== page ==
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New Jersey man killed by lightning strike trying to warn beachgoing kids of impending storm

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A New Jersey man died in Seaside Park over the weekend when he was struck by lightning while trying to warn a group of kids about a dangerous thunderstorm. 

Patrick Dispoto, 59, made sure his girlfriend, Ruth Fussel, was safe in their car before returning to J Street Beach on Sunday evening, the woman told News 12 New Jersey

He went back up the dune and onto the sand to warn a group of kids about the incoming storm. No lifeguards were on duty, Fussel told the outlet. 

Seaside Park Police told the Asbury Park Press that Dispoto was found unconscious on the beach around 7:38 p.m. CPR was performed on the scene, they said, before he was taken to an area hospital and pronounced dead around 9 p.m. 

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Patrick Dispoto

Patrick Dispoto is pictured in an undated Facebook photo. (Patrick Dispoto on Facebook )

J Street Beach in Seaside Park

Patrick Dispoto, 59, was struck by lightning on the J Street beach in Seaside Park, New Jersey. (Google Maps)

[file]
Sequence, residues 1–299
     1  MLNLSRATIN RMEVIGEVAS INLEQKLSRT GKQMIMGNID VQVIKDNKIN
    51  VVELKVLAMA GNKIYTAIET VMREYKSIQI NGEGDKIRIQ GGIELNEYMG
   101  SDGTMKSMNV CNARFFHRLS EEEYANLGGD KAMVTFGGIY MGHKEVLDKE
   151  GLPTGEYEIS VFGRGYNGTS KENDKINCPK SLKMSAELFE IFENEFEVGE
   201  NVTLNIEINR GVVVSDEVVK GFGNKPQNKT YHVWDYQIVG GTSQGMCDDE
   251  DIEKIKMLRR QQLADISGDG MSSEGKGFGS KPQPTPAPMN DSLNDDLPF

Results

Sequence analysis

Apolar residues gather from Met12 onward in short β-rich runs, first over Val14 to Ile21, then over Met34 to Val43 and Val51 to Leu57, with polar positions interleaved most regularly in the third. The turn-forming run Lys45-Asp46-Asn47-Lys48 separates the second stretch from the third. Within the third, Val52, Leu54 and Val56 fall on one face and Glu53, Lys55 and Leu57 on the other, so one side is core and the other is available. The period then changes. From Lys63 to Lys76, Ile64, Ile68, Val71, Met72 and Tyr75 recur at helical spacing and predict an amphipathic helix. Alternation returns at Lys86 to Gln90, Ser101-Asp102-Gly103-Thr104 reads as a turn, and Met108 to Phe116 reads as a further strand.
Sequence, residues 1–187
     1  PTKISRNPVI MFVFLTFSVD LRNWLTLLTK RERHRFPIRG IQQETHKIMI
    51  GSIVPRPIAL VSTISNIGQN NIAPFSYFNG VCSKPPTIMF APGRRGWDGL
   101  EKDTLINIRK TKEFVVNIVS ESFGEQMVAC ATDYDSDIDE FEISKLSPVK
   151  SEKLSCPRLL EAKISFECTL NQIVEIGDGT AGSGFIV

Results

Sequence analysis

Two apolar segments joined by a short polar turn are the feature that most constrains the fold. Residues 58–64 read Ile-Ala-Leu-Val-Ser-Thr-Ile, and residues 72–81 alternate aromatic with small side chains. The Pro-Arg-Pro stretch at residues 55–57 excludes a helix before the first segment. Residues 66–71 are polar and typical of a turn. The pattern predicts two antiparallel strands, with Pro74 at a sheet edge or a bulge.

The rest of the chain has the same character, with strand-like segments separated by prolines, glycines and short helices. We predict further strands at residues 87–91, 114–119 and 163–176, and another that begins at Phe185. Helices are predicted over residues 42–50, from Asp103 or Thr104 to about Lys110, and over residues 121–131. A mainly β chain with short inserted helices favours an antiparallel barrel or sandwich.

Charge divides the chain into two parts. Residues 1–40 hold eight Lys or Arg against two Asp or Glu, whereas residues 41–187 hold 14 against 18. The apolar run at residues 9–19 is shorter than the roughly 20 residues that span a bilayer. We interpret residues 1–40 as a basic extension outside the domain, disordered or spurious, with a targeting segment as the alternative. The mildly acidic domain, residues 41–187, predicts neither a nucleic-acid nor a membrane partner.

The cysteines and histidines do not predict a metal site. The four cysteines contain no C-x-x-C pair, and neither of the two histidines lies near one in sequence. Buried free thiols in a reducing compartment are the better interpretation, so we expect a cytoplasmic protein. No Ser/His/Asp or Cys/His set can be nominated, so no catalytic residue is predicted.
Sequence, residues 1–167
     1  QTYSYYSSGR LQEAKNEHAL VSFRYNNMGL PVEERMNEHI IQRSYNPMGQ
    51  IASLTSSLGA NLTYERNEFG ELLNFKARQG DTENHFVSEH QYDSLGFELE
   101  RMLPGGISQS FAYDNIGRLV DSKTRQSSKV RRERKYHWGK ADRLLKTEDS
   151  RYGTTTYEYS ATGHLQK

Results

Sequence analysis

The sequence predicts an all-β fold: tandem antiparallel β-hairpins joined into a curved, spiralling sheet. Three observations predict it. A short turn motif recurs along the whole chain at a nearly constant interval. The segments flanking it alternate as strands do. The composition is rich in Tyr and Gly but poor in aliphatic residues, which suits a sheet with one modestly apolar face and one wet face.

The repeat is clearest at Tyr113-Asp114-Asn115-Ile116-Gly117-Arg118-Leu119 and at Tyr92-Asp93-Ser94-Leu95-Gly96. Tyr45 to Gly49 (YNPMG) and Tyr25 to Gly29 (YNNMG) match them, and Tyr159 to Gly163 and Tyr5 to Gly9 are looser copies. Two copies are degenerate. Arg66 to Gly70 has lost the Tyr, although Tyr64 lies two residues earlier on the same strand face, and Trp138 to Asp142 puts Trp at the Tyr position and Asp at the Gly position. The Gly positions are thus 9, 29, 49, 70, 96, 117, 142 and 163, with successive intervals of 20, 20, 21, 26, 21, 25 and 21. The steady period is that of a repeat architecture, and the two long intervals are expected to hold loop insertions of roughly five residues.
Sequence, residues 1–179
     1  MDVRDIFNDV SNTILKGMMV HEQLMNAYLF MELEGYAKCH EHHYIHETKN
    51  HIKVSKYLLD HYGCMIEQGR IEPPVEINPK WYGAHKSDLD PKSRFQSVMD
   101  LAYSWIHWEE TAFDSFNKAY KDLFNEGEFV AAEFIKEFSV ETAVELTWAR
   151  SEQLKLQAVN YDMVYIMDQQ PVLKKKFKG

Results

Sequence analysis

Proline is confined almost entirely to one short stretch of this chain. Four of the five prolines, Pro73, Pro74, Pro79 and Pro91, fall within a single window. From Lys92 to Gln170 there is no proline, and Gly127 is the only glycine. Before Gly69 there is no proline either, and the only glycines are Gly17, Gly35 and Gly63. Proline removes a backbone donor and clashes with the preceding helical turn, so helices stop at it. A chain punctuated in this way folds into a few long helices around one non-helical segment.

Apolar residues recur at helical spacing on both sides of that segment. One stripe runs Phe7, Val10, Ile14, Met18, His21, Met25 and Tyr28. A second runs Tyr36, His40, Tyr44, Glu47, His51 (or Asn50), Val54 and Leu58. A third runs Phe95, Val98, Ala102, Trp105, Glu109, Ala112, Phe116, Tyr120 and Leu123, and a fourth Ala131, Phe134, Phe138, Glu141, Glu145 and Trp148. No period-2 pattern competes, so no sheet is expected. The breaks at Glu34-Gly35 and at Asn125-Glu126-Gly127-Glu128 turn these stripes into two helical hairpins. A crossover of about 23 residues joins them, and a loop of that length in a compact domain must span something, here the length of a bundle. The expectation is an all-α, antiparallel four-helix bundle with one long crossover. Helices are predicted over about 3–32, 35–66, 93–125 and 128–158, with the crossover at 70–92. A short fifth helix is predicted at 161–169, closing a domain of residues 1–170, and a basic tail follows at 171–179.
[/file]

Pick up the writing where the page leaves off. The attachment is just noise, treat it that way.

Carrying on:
An autopsy confirmed on Tuesday that Dispoto died an accidental death caused by lightning, News 12 reported. 

The beach was closed at the time, Seaside Park Police told the Asbury Park Press, and no one witnessed the fatal lightning strike.

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Seaside Park Police Department

Patrick Dispoto was found unresponsive on the beach at approximately 7:38 p.m. on Sunday, the Seaside Park Police Department said. (Seaside Park Police Department)

Dispoto’s death comes as the New Jersey borough is poised to upgrade its lightning detection system to warn beachgoers of impending storms, a plan that has been in place for about a year, according to the Asbury Park Press.

“We don’t want to tell people when the storm is here, we want to tell people that the storm is coming so that they can stay ahead of it,” Seaside Park lifeguard captain Jim Rankin told News 12.

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Approximately 86 people are struck by lightning in the U.S. every year, per the National Weather Service. (Fox 5 DC WTTG)

“In the event of a thunderstorm, the beach is a very dangerous place to be. So if you feel things like a wind shift, if it’s fluttering back and forth between hot and cold, you see the clouds, you hear little rumbles of thunder — those are signs to get off the beach,” Rankin said.

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Since 1959, approximately 86 people have died each year in the U.S. due to lightning strikes, according to the National Weather Service.

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